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simulate this circuit – Schematic created using CircuitLab

I am new to hardware experiments, although I have acceptable theoretical knowledge. My setup is:

  • a signal generator
  • a breadboard with an op-amp (not powered)
  • an oscilloscope

The output of the generator has a splitter, one cable goes directly to the oscilloscope plotting the input (a sine wave). The second cable leaving the splitter is a crocodile clip cable. The oscilloscope has a probe.

There is this phenomenon I don't understand. When neither the probe nor the crocodile cable are attached to anything the sine wave shows correctly on the oscilloscope (I am just talking about the direct line from the generator, not the probe). When I connect the ground of the oscilloscope probe to the Vcc- of the op-amp, and the red crocodile cable to the IN+ of the op-amp, the sine wave is distorted (see photo attached).

I am sure there must be a simple answer, maybe something to do with the device impedance etc. but I just can't wrap my head around it. This prevents me from properly measuring the op-amp's output for an input sine wave.

The following schematic shows the fully connected setup. The input sine wave is still distorted, however the op amp works fine (don't have a photo, but it's constant high value when input is positive and constant low when negative)


simulate this circuit

  • 3
    \$\begingroup\$ Where are the attached photos? What is the period and amplitude of the sine wave shown on the oscilloscope? What are the settings of the signal generator? Influence of selecting different waveforms? \$\endgroup\$
    – Uwe
    Feb 4, 2023 at 17:55
  • 2
    \$\begingroup\$ Are you really connecting this to an unpowered op-amp? In that case you might be powering the op amp via the input (+ scope ground), hence the distortion. (This would depend on the op-amp, but don't assume any behaviour for powered-down active components unless stated: all kinds of fun things can happen (as different parts of the chip cross conduction thresholds, draw too much power and turn off again, causing oscillation, etc). You've effectively created a severe brown-out situation. \$\endgroup\$
    – 2e0byo
    Feb 4, 2023 at 18:15
  • 1
    \$\begingroup\$ Please edit your question by including a schematic of the circuit. If you absolutely don't know how to make a schematic then a picture of the board or a muntzing diagram, along with a statement that you can't make schematics, is -- OK. And -- what @2e0byo said about trying to inject a signal into a powered-down op-amp. \$\endgroup\$
    – TimWescott
    Feb 4, 2023 at 18:38
  • 1
    \$\begingroup\$ Lacking a drawing showing the exact setup, let me venture a guess that the OP has neglected the fact that the ground of the oscilloscope probe, and the ground of the signal generator output, are connected via the mains ground. \$\endgroup\$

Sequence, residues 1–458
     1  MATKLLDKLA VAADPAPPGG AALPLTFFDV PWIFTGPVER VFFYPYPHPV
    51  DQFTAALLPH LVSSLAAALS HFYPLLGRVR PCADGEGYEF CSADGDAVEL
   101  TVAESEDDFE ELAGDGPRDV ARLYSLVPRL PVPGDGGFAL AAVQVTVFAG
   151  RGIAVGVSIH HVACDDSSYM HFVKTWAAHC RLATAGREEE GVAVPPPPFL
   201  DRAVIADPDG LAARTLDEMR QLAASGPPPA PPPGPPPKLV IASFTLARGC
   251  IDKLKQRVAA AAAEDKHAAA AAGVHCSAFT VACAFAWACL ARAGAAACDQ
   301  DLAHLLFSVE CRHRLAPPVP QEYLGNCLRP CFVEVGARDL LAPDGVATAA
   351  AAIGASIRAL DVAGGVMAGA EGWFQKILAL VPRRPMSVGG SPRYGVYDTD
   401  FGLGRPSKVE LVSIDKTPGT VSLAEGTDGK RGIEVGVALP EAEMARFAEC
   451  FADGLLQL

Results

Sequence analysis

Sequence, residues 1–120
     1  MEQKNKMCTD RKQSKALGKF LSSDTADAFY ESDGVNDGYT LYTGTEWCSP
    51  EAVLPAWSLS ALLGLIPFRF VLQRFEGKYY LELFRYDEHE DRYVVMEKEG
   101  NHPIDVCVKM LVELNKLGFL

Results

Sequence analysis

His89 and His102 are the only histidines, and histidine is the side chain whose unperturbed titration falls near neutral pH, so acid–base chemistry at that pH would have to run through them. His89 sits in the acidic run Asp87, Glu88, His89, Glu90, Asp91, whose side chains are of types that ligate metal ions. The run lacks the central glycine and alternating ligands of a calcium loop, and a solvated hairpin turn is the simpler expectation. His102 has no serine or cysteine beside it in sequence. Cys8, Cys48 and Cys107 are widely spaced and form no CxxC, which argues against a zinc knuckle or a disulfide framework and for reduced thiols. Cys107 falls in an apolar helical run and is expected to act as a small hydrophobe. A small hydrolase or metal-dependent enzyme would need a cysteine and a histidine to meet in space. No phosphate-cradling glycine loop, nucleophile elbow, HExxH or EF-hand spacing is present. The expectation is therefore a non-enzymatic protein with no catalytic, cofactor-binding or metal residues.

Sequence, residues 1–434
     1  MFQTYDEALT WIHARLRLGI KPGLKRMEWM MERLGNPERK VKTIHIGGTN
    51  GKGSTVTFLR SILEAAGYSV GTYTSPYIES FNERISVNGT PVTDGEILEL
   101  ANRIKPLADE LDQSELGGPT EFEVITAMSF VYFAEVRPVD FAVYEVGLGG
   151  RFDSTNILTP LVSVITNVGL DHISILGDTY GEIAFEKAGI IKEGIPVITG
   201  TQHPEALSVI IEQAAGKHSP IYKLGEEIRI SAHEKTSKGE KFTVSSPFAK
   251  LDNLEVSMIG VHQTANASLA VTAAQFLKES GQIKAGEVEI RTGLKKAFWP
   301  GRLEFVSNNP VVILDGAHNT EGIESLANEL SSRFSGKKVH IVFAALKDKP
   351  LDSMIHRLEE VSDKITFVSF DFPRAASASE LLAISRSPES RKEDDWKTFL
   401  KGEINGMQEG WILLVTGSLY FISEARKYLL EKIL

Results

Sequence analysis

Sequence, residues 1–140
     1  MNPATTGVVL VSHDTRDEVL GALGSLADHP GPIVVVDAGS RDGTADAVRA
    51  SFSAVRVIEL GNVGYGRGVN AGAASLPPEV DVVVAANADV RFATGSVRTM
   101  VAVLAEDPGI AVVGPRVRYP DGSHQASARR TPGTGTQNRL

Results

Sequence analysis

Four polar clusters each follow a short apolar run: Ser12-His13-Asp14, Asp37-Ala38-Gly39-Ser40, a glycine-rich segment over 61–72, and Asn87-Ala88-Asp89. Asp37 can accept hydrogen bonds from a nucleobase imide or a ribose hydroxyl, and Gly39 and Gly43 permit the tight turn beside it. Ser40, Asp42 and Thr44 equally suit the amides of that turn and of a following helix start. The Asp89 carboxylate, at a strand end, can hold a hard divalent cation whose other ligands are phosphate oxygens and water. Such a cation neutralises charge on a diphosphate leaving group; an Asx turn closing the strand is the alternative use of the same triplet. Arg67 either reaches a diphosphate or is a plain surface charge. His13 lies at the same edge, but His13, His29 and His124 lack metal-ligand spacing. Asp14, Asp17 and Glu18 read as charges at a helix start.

– sh-
    Feb 4, 2023 at 19:14
  • 1
    \$\begingroup\$ I don't believe the period is 200 ms, it is 20 ms and the frequency is 50 Hz. It is not a generator signal, it is a pick up of the mains voltage from the power grid. \$\endgroup\$
    – Uwe
    Feb 4, 2023 at 19:57

2 Answers 2


Signal generators like that have a finite output impedance -- usually 50 ohms.

You're putting a signal into an unpowered amplifier. Unless a chip is specially designed for that purpose, applying a voltage to an unpowered chip will make it conduct. Probably what is happening is that the positive-going swing is powering the op-amp through various parasitic diodes, while the negative-going swing is just turning a diode on -- hence the asymmetrical response.

In general, you need to observe the device's absolute maximum ratings, which almost invariably call for not applying input voltages outside of the bounds of the positive and negative supplies.

In specific, in this case, you should build an op-amp circuit of some sort (the chip by itself is not a useful amplifier; just the core of one). Then you should power it up and see how things work.

  • \$\begingroup\$ Just to quote what I said in one of the comments (there were quite a lot) "Additionally, when I fully hook up the op amp the output is as expected, piecewise constant, with the high value when the waveform is positive." When fully operational the amp does its job however the input still looks the same (distorted). Trying to change parameters doesn't work. The only thing that fixes it is adding a bias to the input, putting it in positive territory. So something is happening when it goes negative... \$\endgroup\$ Feb 5, 2023 at 22:32
  • \$\begingroup\$ That picture shows just two wires going to the op-amp -- that's not a fully operational amp. Perhaps you could show a picture of the actual setup then. \$\endgroup\$
    – TimWescott
    Feb 5, 2023 at 22:47
  • \$\begingroup\$ With a closeup of how the opamp is connected on the board -- if you'd had an actual circuit in that shot I wouldn't have been able to make out the details. \$\endgroup\$
    – TimWescott
    Feb 5, 2023 at 23:04
  • \$\begingroup\$ Is there a way I can add two schematics? I don't have a photo with the whole circuit and I don't want to confuse by suddenly changing the diagram \$\endgroup\$ Feb 5, 2023 at 23:36
  • \$\begingroup\$ I think so -- just put your cursor somewhere and push the "schematic" button. \$\endgroup\$
    – TimWescott
    Feb 6, 2023 at 2:10

It turns out it was indeed a grounding issue. The closest answer came from @2e0by0. As the schematic shows, I was connecting the Vcc- pin to ground. Now I am using two power sources in series, so I have Vcc -Vcc and ground. The input is fed into the amp using ground as reference. The signal distortion is not present anymore.


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